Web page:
Acting For Animators

by Ed Hooks

Routledge, 2011 (rev. 3rd ed.)

This book is the basis for Ed's' widely taught masterclass. In it, Ed codifies how animators can learn and apply classic acting theory, not as stage actors do, but in a way that pertains directly to the task of the animator as storyteller.

"By intelligently and thoughtfully examining character animation from an actor's perspective, Mr. Hooks has made a valuable contribution toward deepening our understanding of it."

-- from the Foreword by Brad Bird


( *click cover images to order or to learn more)

The Illusion of Life: Disney Animation

Frank Thomas and Ollie Johnston

Disney Editions, 1995

The Illusion of Life: Disney Animation is essential reading for any aspiring animator. (It is also beautiful to look at fascinating to explore.) Frank Thomas and Ollie Johnston were two of the famous “Nine Old Men” and worked on such famous movies as "Snow White" and "Pinocchio.” They provide not only a guided tour through Disney animation -- which in many ways, is the history of American animation itself -- they painstakingly explain how animation is done, how lines on a page are endowed with that magical illusion of life.

Drawn to Life: 20 Golden Years of Disney Master Classes

Walter Stanchfield

Focal Press, 2009

This is a two-volume compilation of notes from Walt Stanchfield's gesture-analysis classes at Disney. These lectures are not only entertaining to read, they are important. The books, edited by Don Hahn in association with Walt Stanchfield's widow, Dee, are in the same must-have league as The Illusion of Life (above). See the Craft Notes from my Acting for Animators newsletters of May and June 2009 for some excerpts and a perspective on how Walt's teachings and my Acting for Animators workshops mesh.

Hayao Miyazaki: Master of Japanese Animation

Helen McCarthy

Stone Bridge Press, 1999

Hayao Miyazaki: Master of Japanese Animation presents an excellent overview of -- and introduction to -- this legendary animator's work. Miyazaki is the creator of the epic "Princess Mononoke," "My Neighbor Totoro" and "Nausicaa of the Valley of the Wind," among other outstanding works. He is to animation and manga what Shakespeare is to drama. Read the book, and then go see "Princess Mononoke." Prepare to be awestruck.

Starting Point: 1979-1996

Hayao Miyazaki

VIZ Media LLC, 2009

The animation legend talks about his personal philosophy, his religion, his approach to animation and more. A compilation of individual essays, directorial notes, interviews, etc., with very little illustration. Highly recommended.

Setting the Scene: The Art & Evolution of Animation Layout

Fraser MacLean

Chronicle Books, 2011

This lushly illustrated book would be worth having even if it did not contain Fraser MacLean’s wise observations about layout. The subject deserves more coverage than it has been receiving since the evolution of CGI. Lovely, insightful book.

Hollywood Cartoons: American Animation in its Golden Age

Michael Barrier

Oxford University Press USA, 2003

This book, almost 30 years in the writing, is an awesome, thoroughly researched and vastly entertaining history of American animation. The author, Michael Barrier, former publisher and editor of the highly respected periodical Funnyworld, has a deep understanding of what makes animation work for the audience. His book is chock-full of intelligent observations about acting in animation, complete with references to the theories of Constantin Stanislavsky. For my money, this is maybe the best book of its sort I have ever read. It's a major achievement, and I recommend it to anyone who is interested in animation or American entertainment history.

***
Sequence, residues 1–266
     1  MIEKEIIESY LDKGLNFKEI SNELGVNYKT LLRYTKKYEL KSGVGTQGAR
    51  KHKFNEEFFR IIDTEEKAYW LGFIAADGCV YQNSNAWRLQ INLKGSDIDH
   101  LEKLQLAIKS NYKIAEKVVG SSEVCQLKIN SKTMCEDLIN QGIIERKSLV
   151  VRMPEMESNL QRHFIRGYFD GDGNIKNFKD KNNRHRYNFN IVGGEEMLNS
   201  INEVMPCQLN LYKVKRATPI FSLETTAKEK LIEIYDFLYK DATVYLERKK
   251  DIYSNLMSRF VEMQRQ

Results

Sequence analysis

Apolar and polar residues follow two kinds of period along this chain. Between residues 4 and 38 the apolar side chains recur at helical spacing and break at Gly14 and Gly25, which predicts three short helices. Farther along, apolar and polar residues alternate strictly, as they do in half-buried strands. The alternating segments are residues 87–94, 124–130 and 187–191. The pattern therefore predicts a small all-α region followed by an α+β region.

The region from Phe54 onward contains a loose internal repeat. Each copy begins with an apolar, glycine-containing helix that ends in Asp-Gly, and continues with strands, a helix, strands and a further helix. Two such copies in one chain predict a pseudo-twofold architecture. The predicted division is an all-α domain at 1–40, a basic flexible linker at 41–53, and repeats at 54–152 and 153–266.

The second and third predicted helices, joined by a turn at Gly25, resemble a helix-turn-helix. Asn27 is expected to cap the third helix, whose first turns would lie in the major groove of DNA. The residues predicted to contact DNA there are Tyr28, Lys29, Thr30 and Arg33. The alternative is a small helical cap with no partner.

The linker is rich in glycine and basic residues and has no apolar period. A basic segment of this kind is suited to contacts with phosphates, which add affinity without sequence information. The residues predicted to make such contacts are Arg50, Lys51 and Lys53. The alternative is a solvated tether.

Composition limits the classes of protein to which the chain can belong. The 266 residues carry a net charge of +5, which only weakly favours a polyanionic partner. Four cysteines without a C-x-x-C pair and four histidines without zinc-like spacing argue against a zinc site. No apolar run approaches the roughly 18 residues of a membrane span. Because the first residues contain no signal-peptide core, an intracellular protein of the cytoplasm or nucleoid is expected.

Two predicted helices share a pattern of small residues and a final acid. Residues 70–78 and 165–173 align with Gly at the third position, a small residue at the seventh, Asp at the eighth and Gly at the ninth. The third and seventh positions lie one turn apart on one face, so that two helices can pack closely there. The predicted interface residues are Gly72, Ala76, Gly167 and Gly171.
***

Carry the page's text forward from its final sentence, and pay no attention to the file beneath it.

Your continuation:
Creating 3-D Animation

Peter Lord and Brian Sibley

Abrams, 1998

Fans of Wallace and Gromit will love this book, which takes the reader behind the scenes at the world-famous Aardman Studios in Bristol, England. Peter Lord, co-founder of Aardman, takes the new animator by the hand and gently escorts him through the stages of puppet-making and stop-motion animation. Beginning with model-making and planning sets, and moving on through the nuts-and-bolts of editing and the addition of sound, Creating 3-D Animation is a must-read for serious animators and would make an excellent gift. The book is full of interesting illustrations and photographs.

Basics Animation: Stop-Motion

Barry Purves

AVA Publishing, 2010

Barry is one of the most knowledgeable animators I know, a true artist and born teacher. This book is a wonderful primer on stop motion as well as being exquisitely illustrated in color. Highly recommended.

The Animator’s Survival Kit: A Manual of Methods, Principles and Formulas

for Classical, Computer, Games, Stop Motion and Internet Animators

Richard Williams

Faber & Faber, 2009

Every professional animator and animation teacher will tell you that this book is essential. Richard Williams is a celebrated lecturer, and this is the substance of what he teaches.

In the Blink of an Eye: A Perspective on Film Editing

Walter Murch

Revised 2nd ed., Silman-James Press, 2001

If you want to understand human blinks and how they are used in film editing, this book is essential. It is a classic of its sort.


Tell Me A Story: Narrative and Intelligence

Roger C. Schank

Northwestern University Press, 1995

This book has nothing at to do with animation, but I am including it because Mr. Schank’s work has deeply influenced my personal understanding of story. He ties story to intelligence in a sublime fashion.




These titles are Ed's "recom-mended reading" and are good candidates for an animator's core library collection. To order any of these books – or just to learn more – click on the cover image.

Have a favorite book not listed here? Let Ed know by going to the Contact page and sending him a message.


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